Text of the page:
Synchrony buying health care-focused installment lender

Synchrony Financial is ramping up its point-of-sale financing business with a deal to buy a health care-focused consumer lender.

The $95.6 billion-asset Synchrony said Tuesday that it will buy the Burlingame, Calif.-based Allegro Credit in a deal expected to close later in the first quarter. Synchrony did not disclose financial terms of the agreement.

Allegro specializes in financing audiology equipment, such as hearing aids, dental services and musical instruments. Its merchant network and base of customers will be folded Synchrony’s health and wellness division, CareCredit, while its much smaller music financing unit will join Payment Solutions, a business unit that also offers point-of-sale financing for musical instruments as well as other big-ticket items, such as furniture.

The Stamford, Conn.-based Synchrony said it’s hoping to capitalize on the rising popularity of point-of-sale financing and a need for more financing options in health care — especially as more Americans turn to high-deductible plans.

“We’re always looking for long-term growth across the board, and this plays very well into our strategy of diversification,” said Alberto Casellas, the executive vice president and CEO of CareCredit. “Growing CareCredit is one of our imperatives at Synchrony.”

Point-of-sale finance has exploded in recent years, largely because of improvements in technology and millennial consumers’ preference for more fixed and predictable financing options than credit cards.

Synchrony, Wells Fargo and Citigroup have historically been some of the biggest players in point-of-sale lending. Citizens Financial Group in Providence, R.I., has also developed a specialty offering point-of-sale lending with retailers like Apple and Microsoft and said it would announce a new partnership soon. Visa and Mastercard recently launched installment loan products.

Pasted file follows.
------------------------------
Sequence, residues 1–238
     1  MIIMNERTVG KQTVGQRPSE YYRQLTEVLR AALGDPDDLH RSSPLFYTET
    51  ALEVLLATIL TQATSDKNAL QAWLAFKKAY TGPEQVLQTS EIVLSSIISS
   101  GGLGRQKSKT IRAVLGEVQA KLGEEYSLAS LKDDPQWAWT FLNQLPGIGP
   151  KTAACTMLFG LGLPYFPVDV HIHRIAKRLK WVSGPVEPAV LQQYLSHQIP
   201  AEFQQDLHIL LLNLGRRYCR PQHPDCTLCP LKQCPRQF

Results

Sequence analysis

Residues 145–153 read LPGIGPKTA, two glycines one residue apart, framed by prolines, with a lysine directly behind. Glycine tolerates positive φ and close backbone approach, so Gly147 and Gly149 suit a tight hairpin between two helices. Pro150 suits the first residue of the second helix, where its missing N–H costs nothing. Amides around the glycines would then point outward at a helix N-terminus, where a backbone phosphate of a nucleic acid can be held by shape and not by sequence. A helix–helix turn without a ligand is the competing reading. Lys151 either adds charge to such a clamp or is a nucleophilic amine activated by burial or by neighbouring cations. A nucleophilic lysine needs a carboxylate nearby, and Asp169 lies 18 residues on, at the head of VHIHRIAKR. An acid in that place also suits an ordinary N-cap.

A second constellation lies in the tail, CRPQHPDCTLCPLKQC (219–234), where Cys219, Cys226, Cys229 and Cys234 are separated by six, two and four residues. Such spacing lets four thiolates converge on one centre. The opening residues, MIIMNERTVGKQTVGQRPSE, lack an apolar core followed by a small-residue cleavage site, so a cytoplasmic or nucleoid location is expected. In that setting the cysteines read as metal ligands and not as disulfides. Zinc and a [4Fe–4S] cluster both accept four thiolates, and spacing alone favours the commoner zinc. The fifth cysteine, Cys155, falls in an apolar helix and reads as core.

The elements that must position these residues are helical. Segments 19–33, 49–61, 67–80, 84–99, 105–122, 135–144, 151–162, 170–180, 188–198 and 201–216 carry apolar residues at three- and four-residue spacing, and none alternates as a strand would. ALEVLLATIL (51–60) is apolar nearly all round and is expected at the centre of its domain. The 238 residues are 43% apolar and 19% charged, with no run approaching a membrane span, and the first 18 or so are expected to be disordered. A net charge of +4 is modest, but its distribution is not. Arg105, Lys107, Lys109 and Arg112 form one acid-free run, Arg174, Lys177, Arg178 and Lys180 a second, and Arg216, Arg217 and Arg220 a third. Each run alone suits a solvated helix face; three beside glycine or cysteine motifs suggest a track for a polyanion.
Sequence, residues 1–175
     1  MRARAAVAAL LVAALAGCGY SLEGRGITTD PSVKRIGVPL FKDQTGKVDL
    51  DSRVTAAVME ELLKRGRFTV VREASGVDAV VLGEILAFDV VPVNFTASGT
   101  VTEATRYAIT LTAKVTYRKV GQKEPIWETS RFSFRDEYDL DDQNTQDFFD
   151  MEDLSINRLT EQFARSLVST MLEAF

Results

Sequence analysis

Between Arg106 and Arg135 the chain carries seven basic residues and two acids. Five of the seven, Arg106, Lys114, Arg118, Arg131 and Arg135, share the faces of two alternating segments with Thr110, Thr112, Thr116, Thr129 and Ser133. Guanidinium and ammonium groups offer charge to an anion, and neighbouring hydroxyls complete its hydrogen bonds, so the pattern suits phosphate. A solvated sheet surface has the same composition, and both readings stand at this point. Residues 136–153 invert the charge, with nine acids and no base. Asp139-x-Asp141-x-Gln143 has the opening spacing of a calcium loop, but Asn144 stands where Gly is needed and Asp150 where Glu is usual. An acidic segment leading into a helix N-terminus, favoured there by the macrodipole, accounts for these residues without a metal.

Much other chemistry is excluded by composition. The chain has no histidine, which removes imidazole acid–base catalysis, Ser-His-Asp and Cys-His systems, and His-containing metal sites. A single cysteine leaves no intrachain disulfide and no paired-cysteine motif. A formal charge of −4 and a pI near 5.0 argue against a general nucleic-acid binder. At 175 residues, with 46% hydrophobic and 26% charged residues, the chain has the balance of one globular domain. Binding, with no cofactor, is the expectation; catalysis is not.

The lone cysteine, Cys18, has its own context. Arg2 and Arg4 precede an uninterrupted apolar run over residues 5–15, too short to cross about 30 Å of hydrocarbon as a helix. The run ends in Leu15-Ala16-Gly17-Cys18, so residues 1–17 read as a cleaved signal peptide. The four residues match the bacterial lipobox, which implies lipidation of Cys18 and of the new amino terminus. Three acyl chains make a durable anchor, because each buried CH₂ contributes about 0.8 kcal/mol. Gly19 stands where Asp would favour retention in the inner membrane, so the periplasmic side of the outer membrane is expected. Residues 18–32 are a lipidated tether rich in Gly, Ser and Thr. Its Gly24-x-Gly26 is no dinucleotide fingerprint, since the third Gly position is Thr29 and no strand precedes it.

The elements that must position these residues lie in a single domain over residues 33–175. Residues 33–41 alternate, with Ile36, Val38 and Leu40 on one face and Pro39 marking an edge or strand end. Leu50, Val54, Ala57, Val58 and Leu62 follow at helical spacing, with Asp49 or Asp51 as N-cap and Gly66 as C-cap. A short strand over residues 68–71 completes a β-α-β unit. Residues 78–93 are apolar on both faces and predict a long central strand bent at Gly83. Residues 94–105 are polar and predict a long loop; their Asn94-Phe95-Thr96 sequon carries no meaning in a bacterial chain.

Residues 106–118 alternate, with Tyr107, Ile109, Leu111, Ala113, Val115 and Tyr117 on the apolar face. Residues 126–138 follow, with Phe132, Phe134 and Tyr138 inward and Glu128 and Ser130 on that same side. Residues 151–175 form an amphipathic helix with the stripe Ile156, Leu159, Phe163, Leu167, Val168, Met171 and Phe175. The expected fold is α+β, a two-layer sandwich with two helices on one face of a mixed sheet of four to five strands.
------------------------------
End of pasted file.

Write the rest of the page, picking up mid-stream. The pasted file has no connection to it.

Mainstream lenders’ heightened interest in point-of-sale lending has been spurred largely by competition from fast-growing nonbanks, such as Klarna, Afterpay and Affirm offering “buy now, pay later” services at the point of sale. San Francisco-based Affirm went public earlier this month and raised roughly $1.2 billion on its first day of trading.

Incoming CEO Brian Doubles, who will succeed Margaret Keane on April 1, said recently that Synchrony isn’t threatened by the buy now, pay later trend and said that one of his priorities would be refining its installment lending.

Synchrony acquired CareCredit in 2002, when it was then operating as General Electric Capital Retail Finance. Under Keane, the company rebranded as Synchrony and is now the largest issuer of private-label credit cards in the U.S.

CareCredit initially financed dental services, but later expanded into veterinary, vision, chiropractic and other types of health services. Over 240,000 providers and retailers nationwide accept CareCredit, which essentially functions as a credit card.

A typical borrower might initially apply for CareCredit to cover laser eye surgery or hearing aids, which can run well into the thousands of dollars, and later use that card to cover an unexpected veterinary expense. The borrower then has a set period of time — say, 12 or 18 months, depending on the agreement with the providers — to make interest-free payments toward that purchase.

High-deductible health care plans and the out-of-pocket costs they often entail have fueled some of CareCredit’s growth in recent years, Casellas said.

Still, CareCredit is the smallest of Synchrony’s three major business lines, with about $9.3 billion of loans on its books as of Sept. 30, or about 12% of Synchrony’s total loans.

Synchrony did not disclose Allegro’s current loan volumes or number of borrowers. It has offered positions to all of Allegro’s 100 employees.


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